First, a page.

Immunotherapy is a dynamic area of cancer treatment. But while it can provide new options for patients, Aaron S. Mansfield, M.D. and colleagues point out in a recent publication that more research and a cautious approach is warranted, especially when using immunotherapy as a primary treatment.
While radiation and chemotherapy kill cancer cells when the immune system can’t, immunotherapy uses Y-shaped proteins called antibodies that typically attach to viruses and bacteria to mark them as immune targets. These antibodies work the same way in cancer, to prevent cancer cells from turning off immune cell production.
PDL1 Inhibitors: Unmasking Cancer
Cells have express proteins on their outer surface called the cell membrane. These proteins are a guide for immune cells: are you me, or are you not-me? Some cancer cells have a protein called PDL1 expressed on their membrane. This PDL1 interacts with a PD1 protein on the cell membrane of immune cells. When PD1 and PDL1 link, the immune sentinels think the cancer cell is a normal cell. But by blocking the PDL1 protein on the cancer cell or the PD1 protein on the immune cell, the immune system begins to recognize the cancer and clear it away in a subset of patients.
“Immunotherapy is moving to the front line treatment of lung cancer for a subset of patients,” says Dr. Mansfield. “And that makes our work even more critical. But what we’ve done with our research is poke a hole in the use of PDL1 to select patients. We need a better biomarker than PDL1.”
It’s a new therapy, and the Food and Drug Administration is expanding how it can be used almost monthly. That’s great for cancer treatment in the future, but it poses a dilemma for physicians in the present. Dr. Mansfield and colleagues at Mayo Clinic knew PDL1 in the lab could have variable expression, but they did not have clinical evidence. So they set out to get some by looking at expression of PDL1 in paired biopsies from the same patient but at different time points.
“In lung cancer, unfortunately, a lot of patients develop metastases to the brain,” says Dr. Mansfield. “And when that occurs after their primary diagnosis but they only have one or two lesions in the brain, our neurosurgeons will often remove the lesions.”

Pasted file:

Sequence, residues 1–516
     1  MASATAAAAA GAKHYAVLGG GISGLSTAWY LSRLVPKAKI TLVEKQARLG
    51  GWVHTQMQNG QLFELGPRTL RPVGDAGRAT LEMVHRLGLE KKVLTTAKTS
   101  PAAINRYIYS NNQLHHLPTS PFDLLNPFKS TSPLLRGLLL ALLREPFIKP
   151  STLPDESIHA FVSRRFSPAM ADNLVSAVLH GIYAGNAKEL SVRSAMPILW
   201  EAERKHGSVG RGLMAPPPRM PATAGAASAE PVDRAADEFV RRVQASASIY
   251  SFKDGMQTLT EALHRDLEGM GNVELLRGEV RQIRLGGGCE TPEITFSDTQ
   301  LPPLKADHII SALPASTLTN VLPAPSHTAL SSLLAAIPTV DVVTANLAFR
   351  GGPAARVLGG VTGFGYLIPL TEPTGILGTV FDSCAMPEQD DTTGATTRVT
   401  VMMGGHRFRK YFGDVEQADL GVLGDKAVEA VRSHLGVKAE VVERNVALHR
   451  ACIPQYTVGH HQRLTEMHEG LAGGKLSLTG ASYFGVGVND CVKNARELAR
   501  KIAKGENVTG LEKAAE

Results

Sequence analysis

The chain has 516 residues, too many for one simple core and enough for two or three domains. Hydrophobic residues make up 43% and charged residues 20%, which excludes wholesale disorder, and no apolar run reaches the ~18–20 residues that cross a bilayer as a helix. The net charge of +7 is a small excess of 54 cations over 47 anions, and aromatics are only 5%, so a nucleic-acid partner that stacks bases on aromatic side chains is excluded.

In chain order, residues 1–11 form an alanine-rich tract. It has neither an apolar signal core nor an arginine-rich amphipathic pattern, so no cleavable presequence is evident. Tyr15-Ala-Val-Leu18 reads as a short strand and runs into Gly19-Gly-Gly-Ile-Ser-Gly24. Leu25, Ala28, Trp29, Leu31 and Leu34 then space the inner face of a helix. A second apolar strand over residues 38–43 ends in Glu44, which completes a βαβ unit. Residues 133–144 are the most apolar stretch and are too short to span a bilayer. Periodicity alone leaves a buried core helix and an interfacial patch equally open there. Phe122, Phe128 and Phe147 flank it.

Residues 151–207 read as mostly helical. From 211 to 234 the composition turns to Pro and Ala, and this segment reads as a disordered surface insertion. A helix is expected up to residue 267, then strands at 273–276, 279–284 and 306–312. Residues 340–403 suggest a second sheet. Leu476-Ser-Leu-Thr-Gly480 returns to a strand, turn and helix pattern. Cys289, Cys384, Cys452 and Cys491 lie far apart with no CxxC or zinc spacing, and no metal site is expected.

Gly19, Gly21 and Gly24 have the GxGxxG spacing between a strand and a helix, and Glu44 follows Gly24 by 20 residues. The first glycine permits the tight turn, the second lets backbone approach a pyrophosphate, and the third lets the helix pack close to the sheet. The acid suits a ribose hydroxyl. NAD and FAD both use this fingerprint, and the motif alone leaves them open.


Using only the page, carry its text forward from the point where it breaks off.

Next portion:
Measuring PDL1 Expression
Dr. Mansfield and team were able to identify 73 patients with both primary lung tumors and metastatic lesions in the brain. Some were found only a few months apart from one another, but others were years apart. With these samples the team was able to ask, was expression of PDL1 the same between these paired lesions from the same patient or not?
It was not.
“PDL1 comes, it goes, it’s expressed here but not there,” says Dr. Mansfield. “And based on how you assess its expression, you may miss patients who may benefit from immunotherapy.”
PDL1 can vary based on the size of the biopsy, the specific lesion in question, the time between tests, and the therapies the patient has already undergone. “But currently there’s no guidance as to what size of biopsy is required, what lesion you should look at to determine who should get one of these drugs or another,” says Dr. Mansfield.
Dr. Mansfield and his colleagues Haidong Dong, M.D., Ph.D., and Roxana Dronca, M.D., are working to identify other biomarkers to predict who will benefit from PD1- or PDL1-inhibitors. They are also engaged with the Biomarker Discovery program within the Mayo Clinic’s Center for Individualized Medicine. This project works to discover new biomarkers that will aid in predicting the course of disease.
“There’s more work that needs to be done,” says Dr. Mansfield. “This is one step of many.”